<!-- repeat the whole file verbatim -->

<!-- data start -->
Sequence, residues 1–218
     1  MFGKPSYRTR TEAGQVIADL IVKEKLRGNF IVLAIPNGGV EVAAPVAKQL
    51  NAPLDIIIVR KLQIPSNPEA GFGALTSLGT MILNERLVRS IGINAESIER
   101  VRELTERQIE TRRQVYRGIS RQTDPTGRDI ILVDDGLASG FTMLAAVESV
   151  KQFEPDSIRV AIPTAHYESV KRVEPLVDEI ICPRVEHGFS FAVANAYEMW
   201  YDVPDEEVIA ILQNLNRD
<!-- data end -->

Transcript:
Sequence, residues 1–218
     1  MFGKPSYRTR TEAGQVIADL IVKEKLRGNF IVLAIPNGGV EVAAPVAKQL
    51  NAPLDIIIVR KLQIPSNPEA GFGALTSLGT MILNERLVRS IGINAESIER
   101  VRELTERQIE TRRQVYRGIS RQTDPTGRDI ILVDDGLASG FTMLAAVESV
   151  KQFEPDSIRV AIPTAHYESV KRVEPLVDEI ICPRVEHGFS FAVANAYEMW
   201  YDVPDEEVIA ILQNLNRD